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Probability variables must be defined in the section “data” of an assembler program.
Every definition of a probability variable must be on a separate line.
Such line must begin with a data label followed by at least one whitespace character, the ‘`prob`’ keyword, at least one whitespace character, and the initial value of a probability variable in the range 0 to 1 inclusive.
The data label is the name of the probability variable.
The assembler supports fixed-point and exponential notations of specifying initial values of probability variables.
The section “data” followed by the section “code” may look like this:

.datavar_name_1probval1var_name_2probval2...var_name_NprobvalN.code

The program can contain multiple ‘`.data`’ and ‘`.code`’ blocks, e.g. within macros later expanded by the assembler preprocessor.
The parser merges those blocks into a single section “data” and a single section “code”.

Names of probability variables previously defined in the section “data” can be used in `jprob`

and `case`

instructions instead of fixed probability values:

jprobvar_name,loc_label

casevar_name,loc_label

For example, a `choice`

instruction block may look like this:

choice case var1, L1 case var2, L2 case 0.25, L3 case var1, L4 end choice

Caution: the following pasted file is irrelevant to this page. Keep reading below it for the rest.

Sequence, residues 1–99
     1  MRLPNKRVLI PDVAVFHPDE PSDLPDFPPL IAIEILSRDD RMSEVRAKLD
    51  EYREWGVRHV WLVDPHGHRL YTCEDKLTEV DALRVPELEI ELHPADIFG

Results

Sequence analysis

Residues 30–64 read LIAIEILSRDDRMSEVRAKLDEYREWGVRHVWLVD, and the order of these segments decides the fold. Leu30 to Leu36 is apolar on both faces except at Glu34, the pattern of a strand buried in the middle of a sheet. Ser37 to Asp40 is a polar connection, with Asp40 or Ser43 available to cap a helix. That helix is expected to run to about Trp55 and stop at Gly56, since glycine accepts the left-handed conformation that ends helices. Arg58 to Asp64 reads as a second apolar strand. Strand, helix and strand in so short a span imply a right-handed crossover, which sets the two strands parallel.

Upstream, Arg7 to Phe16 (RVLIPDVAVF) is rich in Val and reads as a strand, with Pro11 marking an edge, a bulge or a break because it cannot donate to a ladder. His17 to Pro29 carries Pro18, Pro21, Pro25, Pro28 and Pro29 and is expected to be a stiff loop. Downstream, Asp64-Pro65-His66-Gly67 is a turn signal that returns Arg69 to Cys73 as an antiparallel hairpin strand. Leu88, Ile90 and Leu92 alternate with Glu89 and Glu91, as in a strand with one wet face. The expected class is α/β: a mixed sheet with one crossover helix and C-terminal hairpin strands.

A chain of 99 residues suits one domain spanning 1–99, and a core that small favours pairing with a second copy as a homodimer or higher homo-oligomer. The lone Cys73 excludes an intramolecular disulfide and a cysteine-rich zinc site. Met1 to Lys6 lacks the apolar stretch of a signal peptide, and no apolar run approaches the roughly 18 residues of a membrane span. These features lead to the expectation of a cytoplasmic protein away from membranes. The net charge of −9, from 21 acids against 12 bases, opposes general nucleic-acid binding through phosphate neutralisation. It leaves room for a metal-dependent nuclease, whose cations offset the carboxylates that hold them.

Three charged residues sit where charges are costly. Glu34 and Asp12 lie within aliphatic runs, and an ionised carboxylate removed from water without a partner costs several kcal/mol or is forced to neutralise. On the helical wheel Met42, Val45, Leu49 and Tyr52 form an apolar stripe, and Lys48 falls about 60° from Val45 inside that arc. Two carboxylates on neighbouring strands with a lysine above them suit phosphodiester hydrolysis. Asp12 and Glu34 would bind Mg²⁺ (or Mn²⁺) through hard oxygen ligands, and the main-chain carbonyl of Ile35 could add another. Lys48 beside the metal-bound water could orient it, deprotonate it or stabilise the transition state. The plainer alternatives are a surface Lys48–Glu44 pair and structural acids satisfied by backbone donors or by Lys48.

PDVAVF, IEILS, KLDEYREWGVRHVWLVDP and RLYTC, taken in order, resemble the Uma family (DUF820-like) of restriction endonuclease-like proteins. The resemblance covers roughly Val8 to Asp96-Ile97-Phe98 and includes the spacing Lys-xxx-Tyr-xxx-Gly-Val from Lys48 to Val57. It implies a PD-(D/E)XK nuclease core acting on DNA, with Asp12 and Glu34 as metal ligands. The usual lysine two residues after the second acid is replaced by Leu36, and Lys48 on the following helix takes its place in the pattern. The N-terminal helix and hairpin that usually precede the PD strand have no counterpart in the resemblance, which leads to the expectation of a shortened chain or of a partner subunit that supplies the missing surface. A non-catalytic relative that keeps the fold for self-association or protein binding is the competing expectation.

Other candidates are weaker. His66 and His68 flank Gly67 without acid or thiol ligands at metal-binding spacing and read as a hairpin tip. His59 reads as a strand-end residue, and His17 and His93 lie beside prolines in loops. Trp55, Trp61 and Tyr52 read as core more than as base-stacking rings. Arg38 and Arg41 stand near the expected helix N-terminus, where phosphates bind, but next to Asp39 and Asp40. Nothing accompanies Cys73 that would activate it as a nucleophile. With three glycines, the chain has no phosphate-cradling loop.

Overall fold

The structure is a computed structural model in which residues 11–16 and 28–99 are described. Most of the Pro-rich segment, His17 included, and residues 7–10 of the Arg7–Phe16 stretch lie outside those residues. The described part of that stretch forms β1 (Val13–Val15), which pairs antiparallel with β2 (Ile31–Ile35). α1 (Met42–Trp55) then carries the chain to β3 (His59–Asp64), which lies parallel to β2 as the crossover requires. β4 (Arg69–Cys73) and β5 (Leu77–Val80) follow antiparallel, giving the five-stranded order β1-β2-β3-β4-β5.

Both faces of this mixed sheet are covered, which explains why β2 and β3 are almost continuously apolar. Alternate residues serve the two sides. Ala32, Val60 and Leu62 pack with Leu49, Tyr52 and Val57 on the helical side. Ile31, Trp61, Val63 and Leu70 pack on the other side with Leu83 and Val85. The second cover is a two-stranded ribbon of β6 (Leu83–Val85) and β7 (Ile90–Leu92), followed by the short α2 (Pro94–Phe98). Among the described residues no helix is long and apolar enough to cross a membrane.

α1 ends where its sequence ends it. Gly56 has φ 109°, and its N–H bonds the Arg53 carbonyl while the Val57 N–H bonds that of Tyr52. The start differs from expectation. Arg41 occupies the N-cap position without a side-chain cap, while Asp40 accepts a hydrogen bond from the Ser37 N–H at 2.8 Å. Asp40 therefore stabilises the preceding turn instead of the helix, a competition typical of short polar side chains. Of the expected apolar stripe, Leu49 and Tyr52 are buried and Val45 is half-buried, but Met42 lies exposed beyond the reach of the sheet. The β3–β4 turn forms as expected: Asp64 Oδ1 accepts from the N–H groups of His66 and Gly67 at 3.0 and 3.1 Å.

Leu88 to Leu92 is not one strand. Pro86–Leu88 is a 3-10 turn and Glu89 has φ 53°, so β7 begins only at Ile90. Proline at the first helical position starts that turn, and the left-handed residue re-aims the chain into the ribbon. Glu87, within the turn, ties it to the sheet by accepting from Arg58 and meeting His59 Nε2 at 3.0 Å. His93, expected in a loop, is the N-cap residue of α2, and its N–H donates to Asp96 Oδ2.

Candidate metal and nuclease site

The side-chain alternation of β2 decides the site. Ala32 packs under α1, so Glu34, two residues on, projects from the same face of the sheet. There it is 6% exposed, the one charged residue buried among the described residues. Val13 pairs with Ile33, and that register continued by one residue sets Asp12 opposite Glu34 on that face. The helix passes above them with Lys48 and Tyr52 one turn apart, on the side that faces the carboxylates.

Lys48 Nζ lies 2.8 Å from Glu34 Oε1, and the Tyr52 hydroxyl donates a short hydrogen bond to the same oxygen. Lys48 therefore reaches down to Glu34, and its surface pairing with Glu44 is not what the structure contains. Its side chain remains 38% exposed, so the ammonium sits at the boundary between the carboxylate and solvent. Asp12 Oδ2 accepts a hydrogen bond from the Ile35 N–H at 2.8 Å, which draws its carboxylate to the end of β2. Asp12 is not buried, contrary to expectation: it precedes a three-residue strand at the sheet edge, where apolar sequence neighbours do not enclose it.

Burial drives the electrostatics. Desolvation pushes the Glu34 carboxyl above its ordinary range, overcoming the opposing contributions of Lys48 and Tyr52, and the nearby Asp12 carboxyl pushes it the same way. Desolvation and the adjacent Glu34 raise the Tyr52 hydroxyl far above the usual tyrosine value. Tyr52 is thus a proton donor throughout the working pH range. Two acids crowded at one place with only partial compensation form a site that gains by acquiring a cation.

Names of probability variables can also be used in ‘`probeq`’ and ‘`probls`’ directives that define probabilities lists.
See Using Probabilities Lists, for more information on probabilities lists.

In a ‘`probeq`’ directive, which defines a probabilities list that contains equal elements, a probability variable can be used as a second argument:

ls_nameprobeqlength,var_name

In a ‘`probls`’ directive, which defines a probabilities list that contains specific elements, probability variables can be used as the elements of the list.
An example ‘`probls`’ directive with some list elements equal to values of probability variables may look like this:

ls1 probls var1, var1, var2, var2, var3, var3, 0.05, 0.05

After converting the text of an assembler program to a memory representation of the program, the number of probability variables defined in the program can be obtained using the following function.

- Function:
*int***qsmm_get_prg_nvar***(qsmm_prg_t*`prg`) This function returns the number of probability variables defined in program

`prg`using ‘`prob`’ directives. The returned value is always non-negative.

To get the name of a probability variable by its index in the memory representation of an assembler program, the following function can be used.

- Function:
*const char ****qsmm_get_prg_var_name***(qsmm_prg_t*`prg`, int`var_idx`) This function returns the name of a probability variable with index

`var_idx`in program`prg`. If`var_idx`is negative or is greater than or equal to the number of probability variables defined in the program using ‘`prob`’ directives, then 0 will be returned.

Next: Controlled Variables, Up: Using Probability Variables [Contents][Index]